2 February 2023

Federal Government reviving the nation's arts and cultural policies

| Chris Johnson
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Indigenous dancer Casey Keed has a passion for sharing her artform. Photo: Casey Keed.

First Nations first under Revive arts and cultural policy. (Indigenous dancer Casey Keed). Photo: Supplied.

There is a new national cultural policy for Australia and it’s called ‘Revive’.

The Federal Government has launched a fresh approach to culture and the arts in Australia, which places a strong focus on First Nations people and the stories they have to tell.

Setting the course for the nation’s arts, entertainment and cultural sector for the next five years, the Revive strategy creates four new entities and gives Australia Council of the Arts the new name of Creative Australia.

In launching the new policy, Anthony Albanese said it would provide artists with the support they needed to thrive.

“I am excited by the potential it will unleash, and to see our extraordinary and diverse Australian stories continue to be told with originality, wit, creativity and flair,” the Prime Minister said.

“It builds on the proud legacies of earlier Labor governments that recognised the importance of art and culture to Australia’s identity, social unity and economic prosperity.”

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Backed by $286 million in dedicated funding over four years, Revive’s centrepiece is the establishment of Creative Australia, with funding decisions to be made on the basis of artistic merit and at arm’s length from government.

Within Creative Australia four new bodies will be established:

  • A new First Nations-led body that will give First Nations people autonomy over decisions and investments
  • Music Australia, a dedicated new body to support and invest in the Australian contemporary music industry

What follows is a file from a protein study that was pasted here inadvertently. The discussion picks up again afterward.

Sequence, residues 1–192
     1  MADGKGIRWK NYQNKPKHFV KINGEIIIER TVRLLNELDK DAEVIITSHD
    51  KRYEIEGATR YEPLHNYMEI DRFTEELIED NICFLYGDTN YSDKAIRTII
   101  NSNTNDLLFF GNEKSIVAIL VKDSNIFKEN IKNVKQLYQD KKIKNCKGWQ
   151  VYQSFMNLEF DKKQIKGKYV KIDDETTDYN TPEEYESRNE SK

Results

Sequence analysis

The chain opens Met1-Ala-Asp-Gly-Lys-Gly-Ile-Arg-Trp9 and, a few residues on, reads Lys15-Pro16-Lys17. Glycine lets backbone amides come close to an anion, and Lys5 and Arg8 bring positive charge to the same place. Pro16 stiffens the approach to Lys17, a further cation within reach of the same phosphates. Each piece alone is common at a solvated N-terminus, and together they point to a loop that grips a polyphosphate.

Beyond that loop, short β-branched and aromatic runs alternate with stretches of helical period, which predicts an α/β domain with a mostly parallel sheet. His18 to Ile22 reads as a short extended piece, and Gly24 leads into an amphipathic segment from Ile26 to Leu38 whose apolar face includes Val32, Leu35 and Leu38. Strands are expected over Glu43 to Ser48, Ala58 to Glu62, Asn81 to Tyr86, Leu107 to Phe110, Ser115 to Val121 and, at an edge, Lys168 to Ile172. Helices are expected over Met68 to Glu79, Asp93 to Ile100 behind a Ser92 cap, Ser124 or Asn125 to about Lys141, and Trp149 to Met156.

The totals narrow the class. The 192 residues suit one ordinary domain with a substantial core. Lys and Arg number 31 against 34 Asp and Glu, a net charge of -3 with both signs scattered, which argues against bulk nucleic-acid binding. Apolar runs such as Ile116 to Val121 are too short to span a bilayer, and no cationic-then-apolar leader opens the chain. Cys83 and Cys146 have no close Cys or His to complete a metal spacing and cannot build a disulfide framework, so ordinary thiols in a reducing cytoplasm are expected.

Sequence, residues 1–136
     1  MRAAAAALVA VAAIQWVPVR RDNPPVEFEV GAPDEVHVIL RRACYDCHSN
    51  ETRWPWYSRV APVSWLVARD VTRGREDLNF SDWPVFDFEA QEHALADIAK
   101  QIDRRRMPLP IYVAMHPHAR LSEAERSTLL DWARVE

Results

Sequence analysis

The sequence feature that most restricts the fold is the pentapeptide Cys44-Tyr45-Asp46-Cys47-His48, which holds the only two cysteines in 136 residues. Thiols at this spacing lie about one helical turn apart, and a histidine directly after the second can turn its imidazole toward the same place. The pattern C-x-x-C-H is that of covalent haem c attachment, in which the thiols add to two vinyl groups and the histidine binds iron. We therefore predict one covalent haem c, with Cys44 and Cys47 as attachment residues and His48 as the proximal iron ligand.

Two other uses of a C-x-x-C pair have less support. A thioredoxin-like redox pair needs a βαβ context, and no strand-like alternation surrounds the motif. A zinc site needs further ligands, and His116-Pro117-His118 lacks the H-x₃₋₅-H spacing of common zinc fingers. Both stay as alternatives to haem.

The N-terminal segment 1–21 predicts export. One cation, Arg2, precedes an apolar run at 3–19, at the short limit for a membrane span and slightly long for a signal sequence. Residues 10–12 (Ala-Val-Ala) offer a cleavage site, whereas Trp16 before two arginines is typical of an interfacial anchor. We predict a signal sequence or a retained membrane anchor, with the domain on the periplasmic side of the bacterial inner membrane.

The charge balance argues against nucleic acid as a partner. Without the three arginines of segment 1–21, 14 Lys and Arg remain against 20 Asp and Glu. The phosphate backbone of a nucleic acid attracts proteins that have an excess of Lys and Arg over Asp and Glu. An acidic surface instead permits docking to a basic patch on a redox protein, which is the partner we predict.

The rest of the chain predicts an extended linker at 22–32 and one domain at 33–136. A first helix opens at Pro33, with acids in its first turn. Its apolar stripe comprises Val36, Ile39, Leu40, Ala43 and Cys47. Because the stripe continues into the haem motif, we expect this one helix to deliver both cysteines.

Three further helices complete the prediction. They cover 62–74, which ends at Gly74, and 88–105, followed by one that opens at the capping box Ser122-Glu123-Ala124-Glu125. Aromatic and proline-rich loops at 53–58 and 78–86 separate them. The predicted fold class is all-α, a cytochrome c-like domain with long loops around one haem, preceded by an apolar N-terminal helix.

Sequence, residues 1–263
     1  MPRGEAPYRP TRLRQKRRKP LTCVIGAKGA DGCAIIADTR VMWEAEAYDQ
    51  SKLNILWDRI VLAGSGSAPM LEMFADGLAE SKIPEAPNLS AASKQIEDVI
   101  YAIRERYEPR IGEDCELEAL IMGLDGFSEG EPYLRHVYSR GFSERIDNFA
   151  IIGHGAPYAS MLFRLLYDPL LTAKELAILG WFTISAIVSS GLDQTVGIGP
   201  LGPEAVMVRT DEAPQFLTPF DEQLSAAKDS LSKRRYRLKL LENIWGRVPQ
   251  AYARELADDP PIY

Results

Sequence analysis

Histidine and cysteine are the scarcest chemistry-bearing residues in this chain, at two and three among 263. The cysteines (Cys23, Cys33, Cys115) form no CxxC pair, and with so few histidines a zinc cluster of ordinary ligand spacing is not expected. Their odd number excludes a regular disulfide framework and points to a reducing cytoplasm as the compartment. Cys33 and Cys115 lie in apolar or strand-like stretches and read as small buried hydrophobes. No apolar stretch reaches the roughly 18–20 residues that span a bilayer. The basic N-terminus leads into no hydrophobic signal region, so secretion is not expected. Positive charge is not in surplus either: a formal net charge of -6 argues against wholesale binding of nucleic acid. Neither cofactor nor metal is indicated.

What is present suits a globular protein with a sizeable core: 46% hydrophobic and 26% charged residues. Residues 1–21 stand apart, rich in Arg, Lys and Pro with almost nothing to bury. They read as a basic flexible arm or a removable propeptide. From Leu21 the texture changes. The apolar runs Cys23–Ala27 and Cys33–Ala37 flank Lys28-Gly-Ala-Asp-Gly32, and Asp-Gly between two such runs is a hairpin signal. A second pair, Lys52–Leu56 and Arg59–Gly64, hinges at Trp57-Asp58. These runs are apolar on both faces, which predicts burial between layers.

• Writers Australia, to support writers and illustrators to create new works
  • A new Centre for Arts and Entertainment Workplaces to ensure creative workers are paid fairly and have safe workplaces free from harassment and discrimination.

The PM said the Revive policy would put First Nations first – recognising and respecting the place of their stories at the heart of Australia’s arts and culture.

In addition to the Creative Australia First Nations body, Revive commits the Government to:

  • Introducing legislation to protect First Nations knowledge and cultural expressions, including the harm caused by fake art; Developing a First Nations creative workforce strategy
  • Funding the establishment of a National Aboriginal Art Gallery in Alice Springs and an Aboriginal Cultural Centre in Perth
  • Providing $11 million to establish a First Nations Languages Policy Partnership between First Nations representatives and Australian governments.

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Revive also commits the Government to regulating Australian content on streaming platforms, improving lending rights and incomes for Australian writers, increased funding for regional art, and dozens of other measures.

Arts Minister Tony Burke said Revive would ensure there will be “a place for every story and a story for every place” and have a comprehensive roadmap for Australia’s arts and culture.

It will touch all areas of government, from cultural diplomacy in foreign affairs to health and education, the Minister said.

“Our artists are creators and workers. This sector is essential for our culture and for our economy,” Mr Burke said.

“As the sector recovers from years of neglect followed by the tough pandemic period, Revive will set the arts sector on a new trajectory with fresh momentum.”

Arts and culture think tank A New Approach (ANA) welcomed the new national cultural policy.

Chief executive Kate Fielding described Revive as a meaningful step towards Australia fulfilling its creative promise.

“The intent and recognition is clear: arts, culture and the creative industries are key participants in the nation’s well-being, not just a nice to have,” Ms Fielding said.

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